The psychiatric diagnoses considered here consist of DSM-III-R major depressive episode and dysthymia, panic disorder, generalized anxiety disorder, phobia (either simple, social, or agoraphobia with or without panic), and addictive disorders (alcohol or drug abuse or dependence). These diagnoses were generated from a modified version of the World Health Organization (WHO) Composite International Diagnostic Interview (37), a structured interview designed to be used by trained interviewers who are not clinicians. WHO field trials (38) and National Comorbidity Survey clinical reappraisal studies (39—42) documented acceptable reliability and validity of all these diagnoses.
At the end of the diagnostic sections for each of the five types of disorders, National Comorbidity Survey respondents were asked whether they ever told a medical doctor other than a psychiatrist (defined as an M.D., D.O., or a student in training to become an M.D. or D.O.), a mental health specialist (defined as a psychiatrist, psychologist, or social worker), or any other professional (defined as a nurse, minister, priest, rabbi, or counselor) about the problems discussed in that section of the interview. Positive responses were followed with probes for the ages when the respondent first told each type of professional. These responses were combined for purposes of the present report to code the earliest age the respondent reported telling any of the three types of professional about the disorder.
It is important to recognize that the focus is on when respondents first "told" a professional, not when they first sought treatment or first received treatment. Telling a professional is only an initial stage in the process that ultimately results in receiving treatment. It is noteworthy that when we pool across diagnoses, 67.8% (N=1,816) of the respondents who reported ever "telling" a professional about their psychiatric problems at a given age also reported in another part of the interview that they "went to see a professional about" these problems as of that same age. The proportion increases to more than 82% (N=2,216) if we include people who subsequently "went to see a professional about" psychiatric problems at some later time in their life. Although the National Comorbidity Survey does not include information on the kind of treatment provided, we do know that close to 90% of the people who "went to see a professional about" psychiatric problems in the year before the interview reported more than one visit. These results suggest that the outcome variable in the current report, telling a professional, is an important early step in the help-seeking process that usually results in subsequent treatment.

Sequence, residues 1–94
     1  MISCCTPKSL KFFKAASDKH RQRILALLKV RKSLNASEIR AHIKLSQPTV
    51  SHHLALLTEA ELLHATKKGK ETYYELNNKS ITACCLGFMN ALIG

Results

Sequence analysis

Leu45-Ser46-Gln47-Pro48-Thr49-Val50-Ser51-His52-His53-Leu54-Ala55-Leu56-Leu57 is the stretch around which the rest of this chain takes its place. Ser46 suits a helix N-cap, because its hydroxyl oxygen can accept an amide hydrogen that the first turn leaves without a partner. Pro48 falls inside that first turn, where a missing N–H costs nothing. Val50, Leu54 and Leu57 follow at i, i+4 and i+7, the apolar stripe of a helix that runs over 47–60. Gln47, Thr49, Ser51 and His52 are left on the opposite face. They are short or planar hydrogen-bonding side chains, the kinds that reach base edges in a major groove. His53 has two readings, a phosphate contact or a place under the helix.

Three time-related variables were considered as predictors of treatment contact. The first is retrospectively reported age at onset, coded as a series of categories (age 0—12, 13—19, 20—29, or ≥30). The second is time since onset of disorder, a variable created by subtracting age at onset from age in a given year of observation and coded as a series of categories (age at onset and 1—4, 5—9, 10—19, or ≥20 years since onset). The third variable is cohort, which is indexed by the respondent’s age at interview and coded as a series of categories (born in 1936—1945, 1946—1955, 1956—1965, or 1966—1975). Six sociodemographic characteristics were also included as predictors: sex (male or female), race (non-Hispanic white, non-Hispanic black, Hispanic, or other), geographical region (Northeast, Midwest, West, or South), marital status (never married, previously married, or currently married), education (current high school student; current college, graduate school, or professional student; or nonstudent with <12, 12, 13—15, or ≥16 years of education), and urbanicity (metropolitan or other urban area or rural area).